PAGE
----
Also in Nach, we have numerous examples of prophecy occurring through dreams. In the second perek of Daniel, we are told about Nevuchadnetzar’s terrifying and forgotten dream; he tests Daniel by demanding that the latter discover and reveal it – and the dream is fulfilled. Again, we have the pasuk (Shmuel I, 28:6) which says, “And Shaul asked of Hashem, and Hashem did not answer him, not with dreams, nor with the Urim, nor with prophets.” Thus, we see that Shaul’s dreams included communication from Hashem.

In this context, the Gemara reports that dreams are one-sixtieth of prophecy (Brachos 57b). This expression means that although many aspects of a dream are fictitious or represent one’s imagination, there is a kernel of prophecy in the dream.

Moreover, an extensive discussion in the Gemara (Brachos 55b-57b) mentions numerous lessons and messages, both positive and negative, that can be derived from dreams.

The Gemara even tells us how to guarantee a good result from a dream. It states that the spoken interpretation of a dream determines its outcome (Brachos 55b), and implies that one can even pay the interpreter of the dream in order to gain a favorable consequence (Brachos 55b). This means that if someone has a dream, he can hire someone to provide a favorable interpretation, which will indeed come true as fulfillment of the dream.

In this context, Rav Binah said that in his day, there were 24 dream interpreters in Yerushalayim. “Once I had a dream, and I went to all of them and received 24 different interpretations – and all 24 interpretations happened!” According to the Maharsha, this means that all 24 approaches lay within the dream, and therefore they were all true.

The Gemara also states that one could wait up to 22 years for a good dream to be fulfilled (Brachos 55b). The proof is from Yosef, since what he dreamed when he was 17 was not fulfilled until his brothers came down to Egypt, 22 years later.

Meaningless parts

Although the main part of the dream might be prophetic, the Gemara concludes that just as all grain includes chaff, every dream includes meaningless parts (Nedorim 8a and Brachos 55a).

Dreams to motivate teshuvah

Rav Huna said that a good man never has a good dream, and a bad man never has a bad one (Brachos 55b). Rashi explains that the good person is motivated by a bad dream to do teshuvah, whereas with a good dream the bad person receives his reward in this world for the mitzvos he performed. The specific examples cited are Dovid Hamelech, who never had a good dream, and Achitofel, who never had a bad one.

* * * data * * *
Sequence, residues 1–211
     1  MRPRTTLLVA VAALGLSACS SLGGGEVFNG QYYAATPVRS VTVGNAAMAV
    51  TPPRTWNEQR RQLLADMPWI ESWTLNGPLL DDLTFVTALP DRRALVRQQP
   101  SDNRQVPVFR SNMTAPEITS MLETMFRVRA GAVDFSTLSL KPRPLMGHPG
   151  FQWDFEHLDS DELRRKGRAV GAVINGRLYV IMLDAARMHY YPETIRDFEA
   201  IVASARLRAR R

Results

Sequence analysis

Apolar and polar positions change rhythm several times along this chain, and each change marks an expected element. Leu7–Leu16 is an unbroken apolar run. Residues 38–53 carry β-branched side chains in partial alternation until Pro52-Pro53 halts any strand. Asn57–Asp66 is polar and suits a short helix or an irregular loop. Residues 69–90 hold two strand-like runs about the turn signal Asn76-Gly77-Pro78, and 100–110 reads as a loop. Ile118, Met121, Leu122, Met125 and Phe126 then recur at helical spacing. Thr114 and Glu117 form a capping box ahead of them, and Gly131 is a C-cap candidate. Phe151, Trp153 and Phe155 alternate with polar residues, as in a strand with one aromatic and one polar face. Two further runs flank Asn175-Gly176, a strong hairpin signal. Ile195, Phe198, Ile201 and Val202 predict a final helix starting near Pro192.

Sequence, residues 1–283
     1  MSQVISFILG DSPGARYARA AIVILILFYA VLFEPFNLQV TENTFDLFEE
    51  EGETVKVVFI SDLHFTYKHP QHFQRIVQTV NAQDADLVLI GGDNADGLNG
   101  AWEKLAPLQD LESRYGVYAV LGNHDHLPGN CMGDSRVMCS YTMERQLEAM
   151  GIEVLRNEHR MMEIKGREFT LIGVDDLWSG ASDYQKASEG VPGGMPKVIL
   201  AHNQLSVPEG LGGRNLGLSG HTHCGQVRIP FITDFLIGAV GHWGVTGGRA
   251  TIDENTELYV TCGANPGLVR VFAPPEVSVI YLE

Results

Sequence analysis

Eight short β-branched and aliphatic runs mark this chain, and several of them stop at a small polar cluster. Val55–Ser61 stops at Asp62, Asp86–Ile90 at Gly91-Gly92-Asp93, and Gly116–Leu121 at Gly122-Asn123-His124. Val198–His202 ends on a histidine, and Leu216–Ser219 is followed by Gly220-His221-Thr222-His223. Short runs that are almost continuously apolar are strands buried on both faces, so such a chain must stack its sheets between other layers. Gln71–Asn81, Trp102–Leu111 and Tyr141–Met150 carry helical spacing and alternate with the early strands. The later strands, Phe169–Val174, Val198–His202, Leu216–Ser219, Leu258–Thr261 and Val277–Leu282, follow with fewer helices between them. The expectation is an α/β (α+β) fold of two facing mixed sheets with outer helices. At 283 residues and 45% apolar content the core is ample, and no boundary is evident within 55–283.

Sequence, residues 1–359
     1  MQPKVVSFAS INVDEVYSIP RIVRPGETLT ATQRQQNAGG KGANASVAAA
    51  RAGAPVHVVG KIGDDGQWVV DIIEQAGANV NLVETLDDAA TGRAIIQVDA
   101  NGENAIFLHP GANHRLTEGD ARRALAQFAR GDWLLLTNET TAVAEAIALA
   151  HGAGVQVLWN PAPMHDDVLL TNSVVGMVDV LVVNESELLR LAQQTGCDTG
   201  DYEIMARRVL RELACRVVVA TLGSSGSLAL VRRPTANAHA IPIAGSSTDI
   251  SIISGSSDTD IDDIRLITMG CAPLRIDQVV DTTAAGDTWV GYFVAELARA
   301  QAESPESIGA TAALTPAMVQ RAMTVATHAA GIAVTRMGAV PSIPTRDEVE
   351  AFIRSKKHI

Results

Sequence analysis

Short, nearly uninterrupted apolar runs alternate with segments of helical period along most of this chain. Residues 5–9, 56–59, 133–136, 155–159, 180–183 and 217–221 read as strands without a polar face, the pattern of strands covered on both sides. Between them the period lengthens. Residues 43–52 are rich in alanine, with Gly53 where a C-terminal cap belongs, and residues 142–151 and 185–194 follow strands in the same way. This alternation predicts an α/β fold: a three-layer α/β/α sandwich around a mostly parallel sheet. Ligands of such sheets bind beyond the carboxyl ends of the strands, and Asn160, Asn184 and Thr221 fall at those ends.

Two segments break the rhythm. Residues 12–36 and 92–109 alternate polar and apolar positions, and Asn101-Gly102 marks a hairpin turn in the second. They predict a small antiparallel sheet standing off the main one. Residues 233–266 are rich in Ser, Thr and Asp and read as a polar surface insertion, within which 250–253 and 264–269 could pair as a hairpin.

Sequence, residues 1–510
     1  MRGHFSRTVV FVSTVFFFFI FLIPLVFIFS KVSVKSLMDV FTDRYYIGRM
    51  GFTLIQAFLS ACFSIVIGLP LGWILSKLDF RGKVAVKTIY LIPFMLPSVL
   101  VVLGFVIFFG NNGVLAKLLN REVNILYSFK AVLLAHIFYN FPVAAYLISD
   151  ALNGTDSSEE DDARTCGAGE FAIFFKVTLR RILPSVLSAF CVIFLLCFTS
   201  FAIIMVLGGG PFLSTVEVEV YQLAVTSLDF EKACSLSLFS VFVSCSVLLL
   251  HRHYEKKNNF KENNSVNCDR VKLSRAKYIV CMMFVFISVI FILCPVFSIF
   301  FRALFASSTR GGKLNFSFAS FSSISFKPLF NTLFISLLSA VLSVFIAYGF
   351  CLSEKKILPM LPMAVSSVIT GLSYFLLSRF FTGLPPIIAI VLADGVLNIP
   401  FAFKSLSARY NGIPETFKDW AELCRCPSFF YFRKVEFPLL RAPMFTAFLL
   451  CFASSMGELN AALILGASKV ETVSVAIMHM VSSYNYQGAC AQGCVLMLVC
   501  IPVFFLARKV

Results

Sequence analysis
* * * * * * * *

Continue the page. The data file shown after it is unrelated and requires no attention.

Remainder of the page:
Worrisome dreams

In a deep medical-psychological evaluation, the Gemara notes that a bad dream is worse for the body than receiving a brutal physical beating, because the worry about what the bad dream means harms a person in a much greater way than being beaten (Brachos 55a). This helps us understand our previous comment about dreams being used to encourage a person to do teshuvah.

Selective interpretation

A different passage of Gemara (Sanhedrin 30a) relates an event and the resultant halachic ruling. A person knew that his father had hidden money but didn’t know where his now-deceased father had placed it. A “baal hachalom” – apparently someone who either could have a prophetic dream or had the ability to interpret one – told him where the money was located, how much was there, and also that the money had the sanctity of maaser sheini, which may be used only to purchase food that must be eaten in Yerushalayim. The Gemara concludes that the heir is permitted to ignore the statement that the money is maaser sheini, notwithstanding the fact that the very same interpreter successfully located the money and named the sum! This Gemara is quoted as the final halacha by the authorities (Rif and Rosh, ad locum; Rambam, Hilchos Ma’aser Sheini 6:6). The words of the Gemara are “divrei chalomos einan ma’alin v’einan moridin – dreams are meaningless and neither help nor hinder” (Sanhedrin 30a).